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Osteoporosis International
Osteoporos Int. Jul 2008; 19(7): 1029–1037.
Published online Jan 8, 2008. doi:  10.1007/s00198-007-0535-5
PMCID: PMC2440927

Patients’ preferences for osteoporosis drug treatment: a discrete choice experiment

Abstract

Summary

Active case finding for osteoporosis is used to identify patients at high fracture risk who may benefit from preventive drug treatment. We investigated the relative weight that women place on various aspects of preventive drugs in a discrete choice experiment. Our patients said they were prepared to take preventive drugs even if side effects were expected.

Introduction

Active case finding for osteoporosis is used to identify patients who may benefit from preventive drugs. We aimed to elicit the relative weight that patients place on various aspects of preventive drug treatment for osteoporosis.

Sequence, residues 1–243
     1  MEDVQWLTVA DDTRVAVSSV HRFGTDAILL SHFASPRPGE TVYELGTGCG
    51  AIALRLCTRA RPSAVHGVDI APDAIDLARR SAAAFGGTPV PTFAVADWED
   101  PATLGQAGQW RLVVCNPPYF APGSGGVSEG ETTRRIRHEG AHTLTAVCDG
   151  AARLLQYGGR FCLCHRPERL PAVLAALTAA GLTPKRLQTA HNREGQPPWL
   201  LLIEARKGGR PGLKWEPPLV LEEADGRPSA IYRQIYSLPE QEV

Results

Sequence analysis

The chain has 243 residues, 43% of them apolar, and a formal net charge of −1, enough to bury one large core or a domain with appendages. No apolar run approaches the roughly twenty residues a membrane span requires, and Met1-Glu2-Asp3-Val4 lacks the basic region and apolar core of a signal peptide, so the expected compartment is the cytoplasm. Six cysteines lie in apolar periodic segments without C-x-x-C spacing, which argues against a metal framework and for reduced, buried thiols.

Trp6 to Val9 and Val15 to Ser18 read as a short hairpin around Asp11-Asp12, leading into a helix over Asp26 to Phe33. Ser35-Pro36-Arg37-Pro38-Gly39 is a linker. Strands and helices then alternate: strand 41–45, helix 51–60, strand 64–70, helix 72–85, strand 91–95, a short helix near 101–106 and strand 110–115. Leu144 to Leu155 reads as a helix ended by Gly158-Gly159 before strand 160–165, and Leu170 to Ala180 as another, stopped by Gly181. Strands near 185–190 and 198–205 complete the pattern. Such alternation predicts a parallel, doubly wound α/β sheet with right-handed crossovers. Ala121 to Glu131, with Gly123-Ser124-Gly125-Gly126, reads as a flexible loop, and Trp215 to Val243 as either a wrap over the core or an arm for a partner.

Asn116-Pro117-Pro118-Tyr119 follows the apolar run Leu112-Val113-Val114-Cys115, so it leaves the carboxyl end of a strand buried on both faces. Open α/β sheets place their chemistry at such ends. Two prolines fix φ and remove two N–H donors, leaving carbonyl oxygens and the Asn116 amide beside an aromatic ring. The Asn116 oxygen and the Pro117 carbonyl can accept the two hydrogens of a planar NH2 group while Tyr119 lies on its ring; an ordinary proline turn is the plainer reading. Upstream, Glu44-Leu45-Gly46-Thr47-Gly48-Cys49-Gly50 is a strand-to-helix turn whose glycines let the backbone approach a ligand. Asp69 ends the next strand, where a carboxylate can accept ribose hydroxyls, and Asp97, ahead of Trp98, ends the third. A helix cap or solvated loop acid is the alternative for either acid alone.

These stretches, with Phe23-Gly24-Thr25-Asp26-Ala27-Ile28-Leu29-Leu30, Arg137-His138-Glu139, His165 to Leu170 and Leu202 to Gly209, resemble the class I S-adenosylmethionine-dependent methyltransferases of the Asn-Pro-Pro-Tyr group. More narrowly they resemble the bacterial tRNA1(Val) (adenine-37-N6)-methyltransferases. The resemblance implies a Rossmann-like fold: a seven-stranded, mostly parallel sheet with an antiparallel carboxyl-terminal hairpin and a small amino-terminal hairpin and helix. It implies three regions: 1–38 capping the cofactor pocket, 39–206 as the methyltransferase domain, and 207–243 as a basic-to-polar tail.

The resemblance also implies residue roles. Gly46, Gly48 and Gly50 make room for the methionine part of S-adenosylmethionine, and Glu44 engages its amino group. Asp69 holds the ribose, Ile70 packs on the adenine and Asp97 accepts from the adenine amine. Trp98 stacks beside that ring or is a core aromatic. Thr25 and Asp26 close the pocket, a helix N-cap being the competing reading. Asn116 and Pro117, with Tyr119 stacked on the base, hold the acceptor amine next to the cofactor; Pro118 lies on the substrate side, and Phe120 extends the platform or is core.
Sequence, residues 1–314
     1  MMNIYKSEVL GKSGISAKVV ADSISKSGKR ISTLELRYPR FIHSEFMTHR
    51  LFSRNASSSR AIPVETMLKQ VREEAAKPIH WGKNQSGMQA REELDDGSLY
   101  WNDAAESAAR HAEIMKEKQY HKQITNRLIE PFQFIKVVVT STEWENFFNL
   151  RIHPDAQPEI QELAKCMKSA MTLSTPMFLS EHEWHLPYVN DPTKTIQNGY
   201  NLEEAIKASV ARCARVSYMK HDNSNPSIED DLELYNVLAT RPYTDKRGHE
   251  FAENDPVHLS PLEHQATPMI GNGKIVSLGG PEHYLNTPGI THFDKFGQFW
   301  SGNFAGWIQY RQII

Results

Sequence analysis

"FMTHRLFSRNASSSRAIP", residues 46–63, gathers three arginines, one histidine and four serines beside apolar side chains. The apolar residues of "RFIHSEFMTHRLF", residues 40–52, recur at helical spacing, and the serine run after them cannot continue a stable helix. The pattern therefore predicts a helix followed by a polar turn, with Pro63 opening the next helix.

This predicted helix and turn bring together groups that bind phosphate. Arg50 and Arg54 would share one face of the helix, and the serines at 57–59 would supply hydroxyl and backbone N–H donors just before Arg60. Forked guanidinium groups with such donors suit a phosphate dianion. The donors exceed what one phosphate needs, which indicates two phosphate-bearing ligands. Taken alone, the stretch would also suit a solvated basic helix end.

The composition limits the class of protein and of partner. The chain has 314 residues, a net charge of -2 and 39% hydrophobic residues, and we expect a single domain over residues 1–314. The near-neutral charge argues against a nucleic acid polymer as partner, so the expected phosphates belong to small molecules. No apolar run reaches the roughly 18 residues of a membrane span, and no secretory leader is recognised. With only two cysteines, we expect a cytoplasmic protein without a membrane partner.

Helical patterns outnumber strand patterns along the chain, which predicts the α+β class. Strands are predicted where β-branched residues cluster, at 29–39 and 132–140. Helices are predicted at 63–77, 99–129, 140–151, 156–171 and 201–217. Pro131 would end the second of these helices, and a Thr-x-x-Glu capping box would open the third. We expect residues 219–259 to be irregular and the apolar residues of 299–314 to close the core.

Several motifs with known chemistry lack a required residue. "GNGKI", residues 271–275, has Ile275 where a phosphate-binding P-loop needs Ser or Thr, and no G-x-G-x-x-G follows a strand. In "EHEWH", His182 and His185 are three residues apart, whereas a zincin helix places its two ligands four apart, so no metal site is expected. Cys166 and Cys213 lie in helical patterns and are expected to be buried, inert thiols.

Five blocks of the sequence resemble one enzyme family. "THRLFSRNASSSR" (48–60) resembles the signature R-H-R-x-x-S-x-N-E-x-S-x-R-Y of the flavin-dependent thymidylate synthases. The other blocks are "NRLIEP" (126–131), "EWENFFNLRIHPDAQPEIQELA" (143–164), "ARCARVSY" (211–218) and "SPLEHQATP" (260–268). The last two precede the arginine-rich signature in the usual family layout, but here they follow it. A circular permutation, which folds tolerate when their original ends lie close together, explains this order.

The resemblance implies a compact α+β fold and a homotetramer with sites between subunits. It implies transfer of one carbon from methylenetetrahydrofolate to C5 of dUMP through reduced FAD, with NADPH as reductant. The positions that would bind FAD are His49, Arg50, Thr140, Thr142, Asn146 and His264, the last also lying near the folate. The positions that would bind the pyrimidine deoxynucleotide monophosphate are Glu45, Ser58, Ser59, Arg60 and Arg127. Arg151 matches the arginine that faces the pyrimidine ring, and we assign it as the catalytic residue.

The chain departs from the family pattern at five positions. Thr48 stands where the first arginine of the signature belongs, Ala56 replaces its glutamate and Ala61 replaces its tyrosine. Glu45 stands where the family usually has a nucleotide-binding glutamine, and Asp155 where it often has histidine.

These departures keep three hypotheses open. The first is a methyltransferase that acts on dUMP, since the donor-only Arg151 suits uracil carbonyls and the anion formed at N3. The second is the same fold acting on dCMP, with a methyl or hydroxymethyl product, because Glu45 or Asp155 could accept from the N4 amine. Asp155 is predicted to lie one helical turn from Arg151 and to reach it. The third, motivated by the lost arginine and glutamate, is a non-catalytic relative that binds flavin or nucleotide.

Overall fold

Methods

We designed a discrete choice experiment, in which women had to choose between drug profiles that differed in five treatment attributes: effectiveness, side effects (nausea), total treatment duration, route of drug administration, and out-of-pocket costs. We included 120 women aged 60 years and older, identified by osteoporosis case finding in 34 general practices in the Netherlands. A conditional logit regression model was used to analyse the relative importance of treatment attributes, the trade-offs that women were willing to make between attributes, and their willingness to pay.

Results

All treatment attributes proved to be important for women’s choices. A reduction of the relative 10-year risk of hip fracture by 40% or more by the drug was considered to compensate for nausea as a side effect. Women were prepared to pay an out-of-pocket contribution for the currently available drug treatment (bisphosphonate) if the fracture risk reduction was at least 12%.